As Team Manager, Erkan Şahin was responsible for internal IQC controls of digital data within Lot 1, devising and implementing technical and visual checks of digitisation accuracy during and at the end of production for each area delivered.
Turkey is a huge and agriculturally diverse country. There is a large arable and cereal sector (including rice and tobacco), major citrus fruit, wine and olive production, and with large areas of nut (hazelnut, walnut, almond and pistachio) and tea production. There are also extensive high biodiversity grasslands and forests.
Mapping and classifying this diversity presented many challenges, but the project was successfully completed in October 2017, after three years of intense activity.
Chris Finch provided technical expertise to an Environment Systems project for Mercy Corps in Georgia in 2011 (www.envsys.co.uk) to undertake an assessment of rangeland condition across the regions of Kvemo Kartli and Samtskhe-Javakheti. The study was undertaken under the Alliances Programme, a market development programme working in the beef, sheep and dairy sectors, run by Mercy Corps and funded by the Swiss Agency for Development and Cooperation (SDC).
Rangeland condition is a key concern underpinning the traditional pastoral system. It has often been assumed that where livestock are present they cause rangeland degradation through overgrazing. This project assessed current rangeland condition, looked at historical trends and identified factors contributing to condition. The study provided a baseline from which to inform and guide programme policy and future interventions surrounding access to pasture and improved nutrition for small scale livestock producers. The overall aim is to help ensure the future sustainability of the livelihoods of the local rural population.
The study utilised earth observation (EO) data, derived from Landsat satellites, using multispectral scanner analysis techniques to map rangeland condition into three classes of good, moderate and poor, supported and confirmed by limited ground truthing and discussions with local officials, farmers and graziers. The project found significant climatic effects on rangeland condition, with an increasingly early snow melt leading to faster drying out and burn-off of the grassland pastures later in the year.
Chris Finch was appointed as a Non-Key Expert tasked to advise and recommend on how research can support the improvement of the Turkish Greenhouse Gas (GHG) inventory for the LULUCF sector.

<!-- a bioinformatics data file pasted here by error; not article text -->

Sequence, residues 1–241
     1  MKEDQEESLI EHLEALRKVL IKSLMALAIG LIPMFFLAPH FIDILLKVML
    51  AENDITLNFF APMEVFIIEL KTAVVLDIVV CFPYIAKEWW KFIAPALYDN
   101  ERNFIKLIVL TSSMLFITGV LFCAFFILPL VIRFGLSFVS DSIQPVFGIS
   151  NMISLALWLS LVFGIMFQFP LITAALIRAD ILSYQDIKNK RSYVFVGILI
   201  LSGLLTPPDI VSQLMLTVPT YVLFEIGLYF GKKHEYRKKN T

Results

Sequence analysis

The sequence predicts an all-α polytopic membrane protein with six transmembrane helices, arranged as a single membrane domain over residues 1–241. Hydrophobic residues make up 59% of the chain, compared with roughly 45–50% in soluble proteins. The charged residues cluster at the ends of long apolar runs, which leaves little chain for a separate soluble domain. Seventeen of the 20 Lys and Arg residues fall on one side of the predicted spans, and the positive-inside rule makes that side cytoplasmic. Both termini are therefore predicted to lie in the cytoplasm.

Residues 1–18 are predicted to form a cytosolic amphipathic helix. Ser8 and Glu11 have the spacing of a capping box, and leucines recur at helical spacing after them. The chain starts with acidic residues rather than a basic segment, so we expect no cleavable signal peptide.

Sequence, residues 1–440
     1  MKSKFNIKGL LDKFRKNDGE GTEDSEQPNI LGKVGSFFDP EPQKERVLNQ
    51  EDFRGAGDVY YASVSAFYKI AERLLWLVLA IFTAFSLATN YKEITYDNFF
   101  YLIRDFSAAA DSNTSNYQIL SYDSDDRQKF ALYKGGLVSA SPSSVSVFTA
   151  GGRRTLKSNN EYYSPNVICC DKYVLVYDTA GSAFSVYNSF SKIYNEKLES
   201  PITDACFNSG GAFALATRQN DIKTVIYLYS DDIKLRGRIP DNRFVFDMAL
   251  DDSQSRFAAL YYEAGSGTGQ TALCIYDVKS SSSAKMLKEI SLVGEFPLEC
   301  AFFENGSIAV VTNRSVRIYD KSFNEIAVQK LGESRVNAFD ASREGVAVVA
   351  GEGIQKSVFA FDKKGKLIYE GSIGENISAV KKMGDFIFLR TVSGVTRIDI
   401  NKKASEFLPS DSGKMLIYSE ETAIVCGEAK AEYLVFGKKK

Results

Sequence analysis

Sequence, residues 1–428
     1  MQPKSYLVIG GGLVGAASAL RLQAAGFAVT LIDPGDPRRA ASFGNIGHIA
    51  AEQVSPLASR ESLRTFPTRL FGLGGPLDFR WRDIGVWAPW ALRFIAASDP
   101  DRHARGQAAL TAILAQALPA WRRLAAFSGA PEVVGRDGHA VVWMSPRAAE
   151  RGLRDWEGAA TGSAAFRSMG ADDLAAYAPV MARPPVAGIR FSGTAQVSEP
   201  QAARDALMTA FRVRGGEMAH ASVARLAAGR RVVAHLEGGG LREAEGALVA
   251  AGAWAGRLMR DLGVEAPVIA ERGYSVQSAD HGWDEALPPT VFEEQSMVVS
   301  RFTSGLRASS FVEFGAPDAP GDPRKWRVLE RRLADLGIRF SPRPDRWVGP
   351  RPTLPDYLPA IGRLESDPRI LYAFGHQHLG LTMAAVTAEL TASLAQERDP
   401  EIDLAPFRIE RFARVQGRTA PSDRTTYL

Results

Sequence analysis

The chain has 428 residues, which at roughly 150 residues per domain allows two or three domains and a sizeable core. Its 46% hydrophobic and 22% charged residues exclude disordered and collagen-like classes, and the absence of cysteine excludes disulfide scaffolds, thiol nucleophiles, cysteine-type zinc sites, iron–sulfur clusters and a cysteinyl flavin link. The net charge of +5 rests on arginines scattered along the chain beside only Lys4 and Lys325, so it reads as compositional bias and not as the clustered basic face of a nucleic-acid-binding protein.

Key tasks included:
Identification of the main needs and research gaps of the Turkish National GHG Inventory
Attendance and facilitation of a 2 day workshop in Ankara, with all key LULUCF stakeholders from academia, Ministry of Forestry and Water Affairs (MoFWA) and Ministry of Food, Agriculture and Livestock (MoFAL)
Facilitation of a SWOT analysis by all Workshop attendees
Assessment of results of SWOT analysis and existing research projects and new research ideas that may support the LULUCF inventory
Preparation of a report on “How research can support the improvement of the Turkish GHG inventory for the LULUCF sector” based on the findings from activity A 1.1 (The review of existing information related to LULUCF sector AD and EF) and assessment of existing research projects and new research ideas that may support the LULUCF inventory.
He also provided advice on monitoring land use and land cover change in Turkey to the main contractor tasked with developing a Turkish national land use change monitoring system for use in GHG calculations (Geoville).
Erkan Şahin was commissioned by DSI to design irrigation lines feeding agricultural parcels in Şanlıurfa Suruç and Aydın Bozdoğan as part of continuing agricultural reform programme. Work involved;
Designing and Digitisation of parcel irrigations in Turkey using GIS software and databases also engineering parameters. The project is the first model in Turkey on the idea “in farm irrigation”. More than 15.000 irrigation lines designed until now.
The design required that each parcel had to be accessible for irrigation from local water hydrants.
Each irrigation line needed an optimal design balancing length of pipeline, distance from hydrant (to maximize water pressure) and cost.
Projects were carried out in ESRI products using spatial databases instead of CAD software which is more efficient and produces more rapid output.
The designs will be used to construct irrigation lines in the field before it starts, local farmers will be consulted to agree the irrigation layout.
Chris Finch produced a short report for Environment Systems Ltd in 2017 (www.envsys.co.uk) on the agricultural trade between Turkey and the UK as an input to a wider project on the potential for the use of EO data in improving agricultural productivity and sustainability. It assessed current levels of trade, as well as challenges and opportunities in the future for sustainable agriculture, rural development and food security in Turkey. Key interest in EO data was likely to be in:
Assessing and monitoring land use and land cover change, particularly changes in grassland and forestry cover as productive agriculture develops
Developing indicators of soil water availability, to better target and focus irrigation needs and requirements
Developing indicators of crop health and early estimates of yield, especially in the key fruit, nut and vegetable sector, so important to the Turkish export trade
The regular availability of data in the key spring and early summer growing season will make assessments of agricultural productivity more effective and useful for planning and monitoring purposes
Erkan Şahin is currently finishing his MA researching on Improving Classification Methods using support vector machines. SVM is very popular to use in statistical calculations in different areas. Research’s aim is to adopt this algorithm into remote sensing classifications to get a better classification from the imagery. Research is continuing.